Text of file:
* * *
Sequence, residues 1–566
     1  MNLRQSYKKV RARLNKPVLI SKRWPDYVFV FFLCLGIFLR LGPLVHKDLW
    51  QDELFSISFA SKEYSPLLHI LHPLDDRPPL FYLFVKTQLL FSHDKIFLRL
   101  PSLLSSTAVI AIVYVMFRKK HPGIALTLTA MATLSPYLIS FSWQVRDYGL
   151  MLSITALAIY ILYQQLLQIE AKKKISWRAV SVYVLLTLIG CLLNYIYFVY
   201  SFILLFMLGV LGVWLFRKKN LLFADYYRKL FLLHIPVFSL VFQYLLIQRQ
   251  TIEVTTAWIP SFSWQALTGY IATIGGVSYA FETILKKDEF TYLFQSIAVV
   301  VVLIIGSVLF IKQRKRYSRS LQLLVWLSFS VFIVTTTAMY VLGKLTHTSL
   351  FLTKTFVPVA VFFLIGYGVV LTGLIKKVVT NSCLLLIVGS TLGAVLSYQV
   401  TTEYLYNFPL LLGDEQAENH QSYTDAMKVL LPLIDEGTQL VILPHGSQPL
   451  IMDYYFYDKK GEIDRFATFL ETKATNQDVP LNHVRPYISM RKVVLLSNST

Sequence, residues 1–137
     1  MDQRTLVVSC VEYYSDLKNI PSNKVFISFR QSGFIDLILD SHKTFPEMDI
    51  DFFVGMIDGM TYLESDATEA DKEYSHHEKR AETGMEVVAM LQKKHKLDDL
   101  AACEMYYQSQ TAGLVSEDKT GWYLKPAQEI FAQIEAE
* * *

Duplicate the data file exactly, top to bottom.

Sequence, residues 1–566
     1  MNLRQSYKKV RARLNKPVLI SKRWPDYVFV FFLCLGIFLR LGPLVHKDLW
    51  QDELFSISFA SKEYSPLLHI LHPLDDRPPL FYLFVKTQLL FSHDKIFLRL
   101  PSLLSSTAVI AIVYVMFRKK HPGIALTLTA MATLSPYLIS FSWQVRDYGL
   151  MLSITALAIY ILYQQLLQIE AKKKISWRAV SVYVLLTLIG CLLNYIYFVY
   201  SFILLFMLGV LGVWLFRKKN LLFADYYRKL FLLHIPVFSL VFQYLLIQRQ
   251  TIEVTTAWIP SFSWQALTGY IATIGGVSYA FETILKKDEF TYLFQSIAVV
   301  VVLIIGSVLF IKQRKRYSRS LQLLVWLSFS VFIVTTTAMY VLGKLTHTSL
   351  FLTKTFVPVA VFFLIGYGVV LTGLIKKVVT NSCLLLIVGS TLGAVLSYQV
   401  TTEYLYNFPL LLGDEQAENH QSYTDAMKVL LPLIDEGTQL VILPHGSQPL
   451  IMDYYFYDKK GEIDRFATFL ETKATNQDVP LNHVRPYISM RKVVLLSNST

Sequence, residues 1–137
     1  MDQRTLVVSC VEYYSDLKNI PSNKVFISFR QSGFIDLILD SHKTFPEMDI
    51  DFFVGMIDGM TYLESDATEA DKEYSHHEKR AETGMEVVAM LQKKHKLDDL
   101  AACEMYYQSQ TAGLVSEDKT GWYLKPAQEI FAQIEAE